The Difference Between Lucky and Good

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In case you haven’t heard of him, Seth Godin is a business philosopher. At least, that’s what I call him. He’s a seriously deep thinker, and he applies his thinking to the purpose of understanding and improving business and businesspeople.

Most of his endeavors have been in the specialty of marketing. He coined the phrase “permission marketing,” and was one of the first to recognize that, due to new technologies and consumer habits, the entire concept of marketing needs to change significantly, from “interruption marketing” that bothers people and interrupts what they are doing, to “permission marketing,” which is something that people look forward to receiving because it adds value, is personalized, and is relevant.

On December 5th, Seth wrote a blog post, “Confusing Lucky With Good.” I feel this is completely relevant to Forex trading and decided to explore the topic further.

People are wired to accept good things that happen to them as contingent upon something they did, and bad things as something that happened to them without their input. This is human nature.  When something good happens, we are likely to take credit for it; when something bad happens, we are likely to blame it on others.

The problem with this sort of thinking is that we often accept credit for circumstances that really didn’t depend on our actions.

An excellent example of this is the money that was made during the 1998-2000 technology stock bull market. During that time, it was almost impossible NOT to make money. Nearly everyone who participated in that market made money at that time, and for many of us (myself included), it was substantial money.

The Difference Between Lucky and Good

I personally thought I was a genius.

What I didn’t understand, and what many of my fellow traders didn’t understand, is that we were not smart, and we were not talented. We were lucky.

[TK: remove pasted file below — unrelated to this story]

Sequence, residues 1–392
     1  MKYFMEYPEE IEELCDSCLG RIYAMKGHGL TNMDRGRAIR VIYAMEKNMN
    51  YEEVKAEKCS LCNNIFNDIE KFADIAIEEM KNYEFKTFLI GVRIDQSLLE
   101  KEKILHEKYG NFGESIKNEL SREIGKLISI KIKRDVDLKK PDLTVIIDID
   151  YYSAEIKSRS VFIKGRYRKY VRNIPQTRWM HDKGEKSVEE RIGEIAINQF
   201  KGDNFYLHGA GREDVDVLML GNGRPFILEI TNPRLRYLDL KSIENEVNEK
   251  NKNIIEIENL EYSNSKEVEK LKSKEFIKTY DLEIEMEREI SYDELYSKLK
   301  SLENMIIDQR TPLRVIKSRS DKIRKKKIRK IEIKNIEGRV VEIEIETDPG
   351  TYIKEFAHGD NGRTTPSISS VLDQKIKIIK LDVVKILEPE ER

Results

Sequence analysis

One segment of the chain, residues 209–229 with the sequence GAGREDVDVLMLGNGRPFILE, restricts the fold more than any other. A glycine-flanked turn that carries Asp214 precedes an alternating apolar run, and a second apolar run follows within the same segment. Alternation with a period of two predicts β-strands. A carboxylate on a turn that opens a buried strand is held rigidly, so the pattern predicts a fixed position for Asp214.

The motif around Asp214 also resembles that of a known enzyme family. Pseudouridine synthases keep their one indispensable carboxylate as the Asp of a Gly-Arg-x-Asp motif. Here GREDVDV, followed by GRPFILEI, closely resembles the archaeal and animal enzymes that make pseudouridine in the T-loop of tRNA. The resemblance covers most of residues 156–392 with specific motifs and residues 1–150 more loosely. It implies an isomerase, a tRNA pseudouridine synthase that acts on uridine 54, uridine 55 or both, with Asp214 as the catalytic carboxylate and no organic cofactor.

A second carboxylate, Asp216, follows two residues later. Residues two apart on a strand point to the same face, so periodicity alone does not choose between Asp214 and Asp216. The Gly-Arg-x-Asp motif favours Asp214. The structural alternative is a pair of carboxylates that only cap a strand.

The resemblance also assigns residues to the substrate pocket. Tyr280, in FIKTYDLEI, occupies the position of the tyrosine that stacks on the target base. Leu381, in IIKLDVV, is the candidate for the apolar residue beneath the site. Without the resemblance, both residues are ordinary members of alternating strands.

Of course, the technology crash of 2000 made fools of us all, and we quickly learned that lucky was not the same as smart.

This is the fallacy inherent in trading. A string of winning trades may make a trader feel that he is “good,” that he really knows what he is doing, and that may, in turn, encourage him to trade more aggressively.

But when it turns out that he was just lucky, he is apt to get clobbered.

“Good” requires effort, study, and persistence. Godin says that “Success at the beginning blinds us to the opportunity to get really good instead of coasting.”

What he means is, if you are lucky at the beginning, you tend to not put in the work required to actually get “good.” You do not spend the time and energy in learning, which is what is really needed. You do not apply that knowledge to your trading practice, in order to gain experience.

According to another great business thinker, Malcolm Gladwell, author of “Outliers: The Story of Success,” it takes approximately 10,000 hours’ worth of practice to get really good at something. 10,000 hours, broken down into a 40-hour work week, 50 weeks a year, is in the neighborhood of 5 years.

Gladwell breaks apart the idea that there is any such thing as an “overnight sensation.” In his research, he discovered that most such people actually put in thousands of hours of work before they achieved success. He applied this concept to everyone, from the Beatles to Bill Gates, demonstrating that hard work is the key to success – not luck.

The key to talent, as opposed to luck, is that the action is repeatable. If you once have a great winning streak, and then can never again do the same, then clearly you were just lucky. In order to make your results repeatable, you have to have a definite pattern that you can utilize more than once.

Strict adherence to a well-planned trading method can make your results repeatable. On the other hand, if you can’t clearly outline what you did that was successful, then you can’t repeat it, and it definitely proves that you were lucky and not good.

Going back to Godin’s blog piece, he concludes that most successful people did not succeed on their first try, or their second, or even their third. They did not find success until they had put in a significant effort.

Thus, persistence and practice lead to success. Or as the old proverb goes, “Luck favors those who are prepared.”

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